Institute aims to create a new generation of Lakota speakers
RAPID CITY, S.D. (AP) — Dawn Frank breaks from the interview to answer a family text message. Her daughters attend Stanford University. When they text back home to their mom and aunts on the Pine Ridge Indian Reservation in South Dakota, it’s often in Lakota.
“We’re just sharing logistics on a family event,” said Frank, vice president for instruction at Oglala Lakota College in Kyle. “Here,” she points to the final expression, laughing, “They’re just asking if there’ll be coffee.”
Lakota, once suppressed by the boarding school system, is on the rise in the western part of South Dakota, the Rapid City Journal reported. For the first time, the Lakota Language Consortium hosted a two-week Lakota Summer Institute on Pine Ridge, one of the parcels of land allotted to the western bands of the Sioux in southwestern South Dakota.
The two-week summer institute in Kyle came from Frank’s determination to get professional development for her faculty.
“It’s about speaking,” she said, over a lunch of beef stew, blueberry soup, fry bread and fruit punch, as students and teachers intermingled during the lunch hour in the foray of the Lakota Language Immersion School on the Oglala Lakota College campus.
“Alex,” she called to a teacher passing by, “How much did you know?”
“Only phrases here and there, mostly from ceremonies and songs,” said Alex Firethunder-Loeb.
Now, Firethunder-Loeb, 28, is a teacher. And he hopes that his students will grow in their language, too.
“To have all these people here in my home, across the road from me, it’s just a lot of positivity and empowerment.”
For 11 years, the Lakota Summer Institute has been housed at Sitting Bull College in Fort Yates, N.D., on the Standing Rock Indian Reservation. Organized by the Lakota Language Consortium, an organization formed in 2004 by Lakota community members and linguists based in Bloomington, Ind., who work to revitalize the language, the institute comprises classes teaching not only the language but how to teach the language, too.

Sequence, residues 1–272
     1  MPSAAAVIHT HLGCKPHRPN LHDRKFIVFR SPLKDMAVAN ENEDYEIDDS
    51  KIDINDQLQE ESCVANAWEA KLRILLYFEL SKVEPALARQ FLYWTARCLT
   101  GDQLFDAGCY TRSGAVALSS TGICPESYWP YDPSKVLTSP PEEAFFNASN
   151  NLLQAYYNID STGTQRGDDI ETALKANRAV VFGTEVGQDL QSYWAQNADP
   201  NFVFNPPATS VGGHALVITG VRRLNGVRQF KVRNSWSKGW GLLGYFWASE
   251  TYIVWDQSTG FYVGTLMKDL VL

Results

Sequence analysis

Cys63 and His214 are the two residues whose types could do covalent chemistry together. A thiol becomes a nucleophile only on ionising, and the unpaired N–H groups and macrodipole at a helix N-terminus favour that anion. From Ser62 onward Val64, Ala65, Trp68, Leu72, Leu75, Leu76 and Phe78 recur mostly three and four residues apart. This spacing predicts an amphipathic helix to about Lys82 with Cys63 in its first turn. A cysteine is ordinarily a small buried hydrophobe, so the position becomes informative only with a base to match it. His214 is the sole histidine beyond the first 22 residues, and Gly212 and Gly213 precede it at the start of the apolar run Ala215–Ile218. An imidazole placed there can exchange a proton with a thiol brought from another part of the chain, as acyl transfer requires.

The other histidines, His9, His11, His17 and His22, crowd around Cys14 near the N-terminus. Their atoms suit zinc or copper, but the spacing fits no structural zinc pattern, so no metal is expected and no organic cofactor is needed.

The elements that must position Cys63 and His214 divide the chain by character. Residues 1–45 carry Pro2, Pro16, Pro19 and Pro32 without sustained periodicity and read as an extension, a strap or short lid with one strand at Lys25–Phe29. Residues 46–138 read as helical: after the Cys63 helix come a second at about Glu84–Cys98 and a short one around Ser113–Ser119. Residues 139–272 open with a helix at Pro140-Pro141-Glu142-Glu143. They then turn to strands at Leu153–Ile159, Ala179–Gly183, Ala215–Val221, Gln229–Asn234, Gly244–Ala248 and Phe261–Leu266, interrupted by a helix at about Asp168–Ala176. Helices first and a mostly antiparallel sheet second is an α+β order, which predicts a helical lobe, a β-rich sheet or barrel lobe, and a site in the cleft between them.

Lakota was never written down prior to missionaries and early tribal scholars introducing grammars and dictionaries. The goal of Lakota Institute, however, is not to teach a book language, but a spoken language. Today, first-language speakers number roughly 2,000. And learning can be costly.
“We are the generation who knows what loss is like,” said Frank. “I speak, I understand, but I’m like one of the ones who isn’t fluent.”
Ben Black Bear, 72, who grew up speaking Lakota almost exclusively until the age of 20, led the Lakota Studies Department at Sinte Gleska University on the Rosebud Indian Reservation. On June 7, he led a classroom of fluent speakers who are learning the mechanics of a language they already know.
“They still need to learn the grammar and the sound system,” he said. “They need to learn how to teach the language.”
In another class on June 7, around 20 or so students stood in head linguist Jan Ullrich’s class, holding toy animals and asked each other their names. Notecards in Lakota scribbled on the tables, textbooks open, bottles of water or pop out. Joseph Catches, 57, looked on, as classmate said “big cat.”
“I’m supposed to be fluent,” Clifford said. “But there were a number of animals I didn’t know. I guess only the common ones.”